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Kate Shiner's picture

Re: Non-foundational inquiry- my thoughts at the moment

I am struck by what I perceive as the perhaps newly evolving focus on interdependence in Paul's new writing. Of course, this could be that I am merely looking at it differently from my own evolving perspective! In any case the idea that the observer cannot help but interact with, change, and be changed by what is observed has roots in experiments in quantum physics, right? Some academics, particularly in the social sciences, have long been arguing that science needs to move from the mechanistic metaphor for understanding that had its origins in Descartes and became so popular in Newton's era to a paradigm that takes into account a new interactive understanding. But the challenge is, how does this new paradigm work: how can it actually be applied in a practical way? I see Paul's idea of science as story as a fundamental part of the new paradigm. It is more inclusive. It gives credence to both "bottom-up" and "top-down" approaches.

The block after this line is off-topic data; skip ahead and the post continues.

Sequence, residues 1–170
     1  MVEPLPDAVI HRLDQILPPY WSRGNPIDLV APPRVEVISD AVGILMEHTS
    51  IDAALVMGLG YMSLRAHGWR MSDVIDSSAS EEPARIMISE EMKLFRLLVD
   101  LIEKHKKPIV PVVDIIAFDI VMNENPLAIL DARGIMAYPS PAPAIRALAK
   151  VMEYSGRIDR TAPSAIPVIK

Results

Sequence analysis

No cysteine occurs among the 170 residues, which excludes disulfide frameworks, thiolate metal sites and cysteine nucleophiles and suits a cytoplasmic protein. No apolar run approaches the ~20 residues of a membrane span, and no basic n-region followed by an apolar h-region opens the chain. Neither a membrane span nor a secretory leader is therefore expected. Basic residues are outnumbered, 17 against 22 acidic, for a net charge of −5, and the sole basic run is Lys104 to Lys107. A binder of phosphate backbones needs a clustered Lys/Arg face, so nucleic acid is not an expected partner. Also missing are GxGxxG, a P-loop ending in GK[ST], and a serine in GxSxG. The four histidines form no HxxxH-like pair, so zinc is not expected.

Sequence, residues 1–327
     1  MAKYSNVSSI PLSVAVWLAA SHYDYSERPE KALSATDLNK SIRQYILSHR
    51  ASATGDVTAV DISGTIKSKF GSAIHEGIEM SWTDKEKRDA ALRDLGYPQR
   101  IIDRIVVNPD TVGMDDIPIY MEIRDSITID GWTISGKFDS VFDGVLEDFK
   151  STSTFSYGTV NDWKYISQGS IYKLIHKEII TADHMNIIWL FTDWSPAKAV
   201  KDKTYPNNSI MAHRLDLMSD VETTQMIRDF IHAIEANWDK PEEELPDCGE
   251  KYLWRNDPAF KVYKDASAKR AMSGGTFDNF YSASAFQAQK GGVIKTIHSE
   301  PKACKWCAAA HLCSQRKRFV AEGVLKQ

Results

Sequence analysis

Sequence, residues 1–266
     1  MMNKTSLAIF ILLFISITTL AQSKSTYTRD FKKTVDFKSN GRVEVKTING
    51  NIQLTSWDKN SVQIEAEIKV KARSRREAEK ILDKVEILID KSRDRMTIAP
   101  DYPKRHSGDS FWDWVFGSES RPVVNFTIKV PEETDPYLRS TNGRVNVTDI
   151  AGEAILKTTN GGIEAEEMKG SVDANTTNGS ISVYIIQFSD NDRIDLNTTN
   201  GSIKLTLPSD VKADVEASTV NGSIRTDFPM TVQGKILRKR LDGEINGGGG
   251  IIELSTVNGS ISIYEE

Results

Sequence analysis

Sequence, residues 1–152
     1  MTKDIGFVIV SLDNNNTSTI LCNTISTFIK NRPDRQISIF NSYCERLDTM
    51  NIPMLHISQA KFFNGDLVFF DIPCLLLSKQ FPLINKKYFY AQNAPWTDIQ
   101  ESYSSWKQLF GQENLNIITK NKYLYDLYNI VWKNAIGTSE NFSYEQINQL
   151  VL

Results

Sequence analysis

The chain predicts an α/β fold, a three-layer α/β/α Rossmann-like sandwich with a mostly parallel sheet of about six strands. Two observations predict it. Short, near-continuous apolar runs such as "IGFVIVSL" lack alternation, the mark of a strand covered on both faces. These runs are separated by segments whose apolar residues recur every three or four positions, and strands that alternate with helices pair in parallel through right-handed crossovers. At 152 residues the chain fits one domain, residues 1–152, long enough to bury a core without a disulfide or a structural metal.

I am also intrigued by his assertion that "Rules and properties allow for a simple understanding of the world, thus acting as a useful foundation for quick actions when there isn’t time for deliberation." I wonder what implications this idea has for education; in particular for teachers who are expected to quickly and effectively implement research-based and often rule bound practices in their classrooms. What room is there in practice for the new understandings that occur to an individual practicioner? What freedom should a teacher have to modify his or her instruction based on new understandings and what evidence (or documentation) should he or she realistically have to produce to justify these modifications? How can science in general actually take into account the shifting barriers to learning in individual classrooms? Right now I am writing a paper about this issue for a special education course and I would say it could be doing a much better job.


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